Becoming paralyzed in a severe auto accident changes a person’s life forever. Now researchers are finding new ways improve paralysis victims’ quality of life. A new brain implant gives one paralyzed man use of his hand that he thought was gone forever.
Chad Bouton of the Feinstein Institute for Medical Research in Manhasset, New York, recently published an article in Nature, which features Ian Burkhart of Dublin, Ohio. Burkhart broke his neck six years ago when he was a freshman in college. He dove into a wave in the ocean and was slammed into a sand bar. He was paralyzed from the chest down and lost the use of his arms below the elbow.
Then in 2014, Burkhart met Chad Burton while he was working at Battelle Memorial Institute in Columbus, Ohio. Burton is developing a brain implant to help paralyzed patients regain motor control. He and his team of surgeons placed a tiny device made up of 96 electrodes just below the surface of Burkhart’s brain. The device monitors a group of brain cells that control movement of his right hand, taking 3 million readings every second.
The brain implant communicates with a computer in the laboratory by a cable that connects to a small projection on Burkhart’s skull. The computer interprets the readings and sends impulses to the muscles in his forearm using 160 electrodes, controlling his fingers and hand. Burton explains:
“We’re really just eavesdropping on a few conversations between those neurons and we’re trying to figure out what they’re talking about.”
While in the lab, Burkhart has a lot of fine motor control. Pantagraph reports:
“Ian Burkhart of Dublin, Ohio, can grasp a bottle, pour its contents into a jar, pick up a stick and stir the liquid. He can grab a credit card and swipe it through a reader. He can move individual fingers and hold a toothbrush.”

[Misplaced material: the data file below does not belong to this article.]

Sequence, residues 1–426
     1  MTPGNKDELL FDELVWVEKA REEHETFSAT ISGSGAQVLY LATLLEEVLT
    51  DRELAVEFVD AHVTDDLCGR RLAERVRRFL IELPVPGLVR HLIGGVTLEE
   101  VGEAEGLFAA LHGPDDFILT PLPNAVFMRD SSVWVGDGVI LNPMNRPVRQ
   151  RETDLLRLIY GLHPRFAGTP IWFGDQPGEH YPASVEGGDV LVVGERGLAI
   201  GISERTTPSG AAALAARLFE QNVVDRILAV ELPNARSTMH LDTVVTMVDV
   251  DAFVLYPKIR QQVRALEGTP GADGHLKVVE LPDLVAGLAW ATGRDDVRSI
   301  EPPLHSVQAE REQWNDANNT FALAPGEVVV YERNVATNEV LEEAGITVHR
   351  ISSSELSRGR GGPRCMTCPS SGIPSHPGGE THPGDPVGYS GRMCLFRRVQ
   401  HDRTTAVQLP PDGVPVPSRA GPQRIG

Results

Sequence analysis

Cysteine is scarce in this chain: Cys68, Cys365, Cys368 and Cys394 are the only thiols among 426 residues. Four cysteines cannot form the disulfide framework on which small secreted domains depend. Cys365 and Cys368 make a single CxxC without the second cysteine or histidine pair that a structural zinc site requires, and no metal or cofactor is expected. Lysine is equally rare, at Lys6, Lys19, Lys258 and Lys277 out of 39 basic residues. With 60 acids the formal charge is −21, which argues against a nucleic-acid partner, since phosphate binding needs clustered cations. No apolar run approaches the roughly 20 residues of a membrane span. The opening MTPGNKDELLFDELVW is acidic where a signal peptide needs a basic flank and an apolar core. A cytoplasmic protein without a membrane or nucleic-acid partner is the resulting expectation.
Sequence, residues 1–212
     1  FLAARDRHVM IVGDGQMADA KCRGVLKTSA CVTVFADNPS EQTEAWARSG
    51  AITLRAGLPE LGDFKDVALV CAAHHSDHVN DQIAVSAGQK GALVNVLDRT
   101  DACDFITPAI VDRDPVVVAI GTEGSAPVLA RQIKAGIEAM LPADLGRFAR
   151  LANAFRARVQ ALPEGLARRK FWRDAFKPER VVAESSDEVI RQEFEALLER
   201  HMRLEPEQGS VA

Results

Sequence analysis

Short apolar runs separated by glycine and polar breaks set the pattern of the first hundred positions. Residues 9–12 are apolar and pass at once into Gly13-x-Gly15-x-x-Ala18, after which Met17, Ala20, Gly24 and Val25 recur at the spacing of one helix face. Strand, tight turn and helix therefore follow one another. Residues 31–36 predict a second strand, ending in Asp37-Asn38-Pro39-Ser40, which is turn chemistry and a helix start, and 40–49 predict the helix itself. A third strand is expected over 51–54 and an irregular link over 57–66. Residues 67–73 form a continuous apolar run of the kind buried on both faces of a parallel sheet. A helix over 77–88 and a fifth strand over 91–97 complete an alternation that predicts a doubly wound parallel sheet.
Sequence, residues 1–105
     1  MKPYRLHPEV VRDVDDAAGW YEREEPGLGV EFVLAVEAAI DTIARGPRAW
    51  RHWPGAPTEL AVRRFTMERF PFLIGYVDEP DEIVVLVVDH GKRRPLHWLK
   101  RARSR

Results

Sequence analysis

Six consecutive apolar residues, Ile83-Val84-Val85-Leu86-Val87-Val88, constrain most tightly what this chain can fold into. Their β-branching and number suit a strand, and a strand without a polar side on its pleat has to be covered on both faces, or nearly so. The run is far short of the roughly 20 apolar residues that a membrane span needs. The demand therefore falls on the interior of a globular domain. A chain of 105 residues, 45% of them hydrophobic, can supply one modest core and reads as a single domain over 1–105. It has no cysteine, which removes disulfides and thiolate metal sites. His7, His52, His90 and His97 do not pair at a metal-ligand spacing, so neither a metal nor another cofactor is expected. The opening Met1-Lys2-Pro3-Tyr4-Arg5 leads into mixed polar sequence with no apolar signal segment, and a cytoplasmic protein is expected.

But the brain implant still has some major limitations. The computer can’t go home with Burkhart, so on a day-to-day basis, he is still paralyzed. Even when he is using the brain implant, the muscles in his arm get tired quickly. It also takes conscious thought and concentration to move his muscles, so he can get mentally worn out over time.
Dr. Ali Rezai, a study author and neurosurgeon at Ohio State University said:
“This is taking one’s thoughts and, within milliseconds, linking it to concrete movements.”
Researchers hope that this is one more step toward the end goal of fully restoring use of muscles after a paralyzing injury. Until then, Burkhart and other paralyzed accident victims will have to settle for incremental gains along the way, like this lab-bound brain implant.
David Christensen is a brain injury expert at Christensen Law in Southfiled, Michigan. He helps paralysis victims get their medical expenses paid for after an auto accident. If you or someone you love has been paralyzed in a car crash, contact Christensen Law today for a free consultation.